“To Tell A Story” – Café Ludwig, May 19, 2019

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Orli Shaham

The program is all about storytelling in a very direct sense. Obviously any piece of music tells some kind of story, but these are concrete stories in a more literal sense. We’ll start with Alan Ridout’s “Ferdinand the Bull.” I perform it on my kids show Bach Yard a lot, and I decided it was time to introduce adults to it. It’s a great piece of music for the violin and it’s also a fabulous story. The new concertmaster, Dennis Kim will play the violin part and I’ll narrate. Dennis and I had a chance to perform the piece a few months ago for an audience of 3 and 4 year olds and they adored it, so we’re very excited to bring it to the Café Ludwig audience.

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Meredith Crawford

Then we have the two Songs for Voice, Viola, and Piano, Op. 91 of Brahms; these are really two of my favorite pieces ever. You need a very special violist to pull them off, and since we have Meredith Crawford as the Pacific Symphony’s principal viola now, I knew it was time to program these. In a way, they are lullaby songs, about a longing that has been assuaged. But in typical Brahmsian fashion, they’re both a lullaby for a small child and also a farewell at the end of a life, a combination of two kinds of goodbyes. They’re very powerful songs. We have an incredible mezzo-soprano, Kirstin Chávez, coming to sing with us. She’s worked with Pacific Symphony before, and I’m looking forward to working with her. After intermission, she’ll sing a touching collection by Benjamin Britten called “A Charm of Lullabies.”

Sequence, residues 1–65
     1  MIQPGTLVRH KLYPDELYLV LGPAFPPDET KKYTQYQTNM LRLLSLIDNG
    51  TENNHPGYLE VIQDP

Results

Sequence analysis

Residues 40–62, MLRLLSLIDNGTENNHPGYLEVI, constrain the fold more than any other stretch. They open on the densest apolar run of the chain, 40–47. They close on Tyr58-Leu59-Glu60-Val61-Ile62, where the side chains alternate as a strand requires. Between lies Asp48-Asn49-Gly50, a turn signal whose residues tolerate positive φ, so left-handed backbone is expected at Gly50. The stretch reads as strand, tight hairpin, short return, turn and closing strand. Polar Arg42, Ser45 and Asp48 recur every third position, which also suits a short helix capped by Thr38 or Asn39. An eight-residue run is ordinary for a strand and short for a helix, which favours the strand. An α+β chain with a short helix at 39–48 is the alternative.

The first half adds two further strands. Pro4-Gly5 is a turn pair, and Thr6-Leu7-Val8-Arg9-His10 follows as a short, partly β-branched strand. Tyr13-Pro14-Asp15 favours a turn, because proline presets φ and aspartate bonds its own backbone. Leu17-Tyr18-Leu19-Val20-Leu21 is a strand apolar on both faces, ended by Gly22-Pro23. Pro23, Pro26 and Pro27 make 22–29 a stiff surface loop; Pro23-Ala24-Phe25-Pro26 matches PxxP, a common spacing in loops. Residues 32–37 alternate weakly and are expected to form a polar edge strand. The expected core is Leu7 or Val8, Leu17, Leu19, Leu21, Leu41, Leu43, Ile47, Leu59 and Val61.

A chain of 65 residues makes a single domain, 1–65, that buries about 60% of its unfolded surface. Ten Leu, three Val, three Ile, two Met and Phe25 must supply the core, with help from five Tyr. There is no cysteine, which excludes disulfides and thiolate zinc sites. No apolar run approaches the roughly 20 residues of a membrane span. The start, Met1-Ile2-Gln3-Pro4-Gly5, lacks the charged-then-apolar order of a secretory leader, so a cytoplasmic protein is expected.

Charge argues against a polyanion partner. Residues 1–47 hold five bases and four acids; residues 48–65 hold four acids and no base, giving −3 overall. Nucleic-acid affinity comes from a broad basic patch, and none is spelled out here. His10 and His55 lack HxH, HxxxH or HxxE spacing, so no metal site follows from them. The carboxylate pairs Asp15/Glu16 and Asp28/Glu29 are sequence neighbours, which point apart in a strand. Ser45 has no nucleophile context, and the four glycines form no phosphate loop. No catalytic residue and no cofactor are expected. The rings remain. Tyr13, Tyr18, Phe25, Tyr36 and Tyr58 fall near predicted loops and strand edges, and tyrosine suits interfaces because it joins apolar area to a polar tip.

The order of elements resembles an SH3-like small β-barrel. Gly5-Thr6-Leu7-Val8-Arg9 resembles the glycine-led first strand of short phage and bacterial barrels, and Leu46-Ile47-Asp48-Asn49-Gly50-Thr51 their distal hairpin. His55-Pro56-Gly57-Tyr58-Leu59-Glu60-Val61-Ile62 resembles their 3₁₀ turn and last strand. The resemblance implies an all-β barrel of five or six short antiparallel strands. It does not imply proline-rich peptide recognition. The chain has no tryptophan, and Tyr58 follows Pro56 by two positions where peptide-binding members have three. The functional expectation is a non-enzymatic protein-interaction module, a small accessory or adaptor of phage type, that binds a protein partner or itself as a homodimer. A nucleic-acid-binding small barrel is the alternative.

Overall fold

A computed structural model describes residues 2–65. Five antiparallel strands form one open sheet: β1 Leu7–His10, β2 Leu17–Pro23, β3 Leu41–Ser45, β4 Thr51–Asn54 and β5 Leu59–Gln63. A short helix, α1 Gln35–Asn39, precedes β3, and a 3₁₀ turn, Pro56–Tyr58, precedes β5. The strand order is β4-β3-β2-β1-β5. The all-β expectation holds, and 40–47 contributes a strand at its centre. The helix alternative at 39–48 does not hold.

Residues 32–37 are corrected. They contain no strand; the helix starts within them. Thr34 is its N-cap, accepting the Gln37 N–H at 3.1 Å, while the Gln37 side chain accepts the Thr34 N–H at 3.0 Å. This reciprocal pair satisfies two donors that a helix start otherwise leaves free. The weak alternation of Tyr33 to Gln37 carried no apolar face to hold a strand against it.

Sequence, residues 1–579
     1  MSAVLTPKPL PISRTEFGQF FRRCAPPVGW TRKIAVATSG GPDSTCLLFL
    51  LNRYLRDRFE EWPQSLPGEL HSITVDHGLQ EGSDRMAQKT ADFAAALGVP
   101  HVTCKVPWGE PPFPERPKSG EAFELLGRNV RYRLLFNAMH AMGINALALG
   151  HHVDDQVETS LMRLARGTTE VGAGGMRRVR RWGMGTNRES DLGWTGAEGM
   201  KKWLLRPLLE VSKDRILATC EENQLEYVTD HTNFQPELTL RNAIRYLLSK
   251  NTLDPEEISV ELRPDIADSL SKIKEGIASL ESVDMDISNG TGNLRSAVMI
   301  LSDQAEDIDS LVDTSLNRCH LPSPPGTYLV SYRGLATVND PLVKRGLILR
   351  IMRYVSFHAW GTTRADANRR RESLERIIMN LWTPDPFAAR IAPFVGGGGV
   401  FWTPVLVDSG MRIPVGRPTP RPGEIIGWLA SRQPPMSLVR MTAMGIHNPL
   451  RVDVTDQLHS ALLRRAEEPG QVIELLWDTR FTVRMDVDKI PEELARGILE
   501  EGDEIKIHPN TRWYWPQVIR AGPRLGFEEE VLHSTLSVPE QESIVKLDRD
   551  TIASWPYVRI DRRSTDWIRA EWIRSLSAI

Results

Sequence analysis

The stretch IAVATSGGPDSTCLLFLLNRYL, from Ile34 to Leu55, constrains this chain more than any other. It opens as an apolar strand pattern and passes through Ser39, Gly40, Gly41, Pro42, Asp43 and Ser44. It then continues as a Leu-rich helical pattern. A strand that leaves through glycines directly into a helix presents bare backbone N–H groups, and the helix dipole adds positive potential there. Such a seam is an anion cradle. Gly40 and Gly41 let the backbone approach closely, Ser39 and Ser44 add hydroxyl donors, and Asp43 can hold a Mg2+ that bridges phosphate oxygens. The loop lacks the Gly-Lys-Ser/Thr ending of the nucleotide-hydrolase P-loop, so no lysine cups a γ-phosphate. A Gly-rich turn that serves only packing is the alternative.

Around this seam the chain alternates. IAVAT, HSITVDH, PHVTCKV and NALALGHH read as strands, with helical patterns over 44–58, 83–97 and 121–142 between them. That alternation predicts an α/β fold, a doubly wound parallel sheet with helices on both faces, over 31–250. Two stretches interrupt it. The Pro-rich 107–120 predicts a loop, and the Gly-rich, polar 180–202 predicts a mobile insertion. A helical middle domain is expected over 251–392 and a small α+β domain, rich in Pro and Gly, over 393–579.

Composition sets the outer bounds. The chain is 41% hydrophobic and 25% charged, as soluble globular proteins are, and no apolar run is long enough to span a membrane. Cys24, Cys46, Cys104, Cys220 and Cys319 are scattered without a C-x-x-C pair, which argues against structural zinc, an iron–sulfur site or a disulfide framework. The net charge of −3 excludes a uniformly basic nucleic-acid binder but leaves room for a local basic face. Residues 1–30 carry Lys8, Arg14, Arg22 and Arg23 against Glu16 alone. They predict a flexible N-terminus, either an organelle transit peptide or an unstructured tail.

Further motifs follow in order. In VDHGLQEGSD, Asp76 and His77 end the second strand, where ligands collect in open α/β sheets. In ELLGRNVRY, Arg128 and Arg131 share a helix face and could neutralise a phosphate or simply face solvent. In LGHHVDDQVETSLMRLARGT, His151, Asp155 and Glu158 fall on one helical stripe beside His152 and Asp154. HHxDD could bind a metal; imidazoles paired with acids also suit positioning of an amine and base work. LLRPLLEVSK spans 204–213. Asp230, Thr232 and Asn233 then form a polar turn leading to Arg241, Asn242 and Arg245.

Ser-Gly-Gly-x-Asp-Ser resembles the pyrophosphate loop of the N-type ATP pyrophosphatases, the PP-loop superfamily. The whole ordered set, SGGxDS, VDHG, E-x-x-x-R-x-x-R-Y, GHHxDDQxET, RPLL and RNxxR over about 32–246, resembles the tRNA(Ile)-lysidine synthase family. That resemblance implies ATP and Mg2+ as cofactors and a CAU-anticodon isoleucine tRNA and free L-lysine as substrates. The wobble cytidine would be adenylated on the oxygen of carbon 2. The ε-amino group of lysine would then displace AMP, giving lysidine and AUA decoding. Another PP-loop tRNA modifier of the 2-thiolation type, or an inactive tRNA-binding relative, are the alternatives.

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Dennis Kim

We’ll finish the program with Stravinsky’s “A Soldier’s Tale” in the trio version for clarinet, violin and piano, with Dennis Kim and Joe Morris, the wonderful principal clarinetist of Pacific Symphony. In this case I’ll be telling the story verbally as well as musically at the piano, as well as narrating it. This is, like “Ferdinand,” a very direct and programmatic storyline. It’s a piece with great virtuosity and myriad musical colors. Overall, the program is full of interesting and varied stories and shows off some of our best Pacific Symphony musicians.

 


– Orli Shaham, pianist, curator and host of Café Ludwig

To find information on this concert, or to purchase tickets, visit the concert page here.

Know Before You Go…

Our program note annotator Michael Clive writes about the guitar’s most famous work, Rodrigo’s Concierto de Aranjuez. After reading about this beautiful piece, listen to Pablo Villegas playing the exquisite slow movement.


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Bust of the Spanish composer Joaquín Rodrigo, with an image of his wife, the pianist Victoria Kamhi, in the background. España Park, Rosario, Santa Fe Province, Argentina.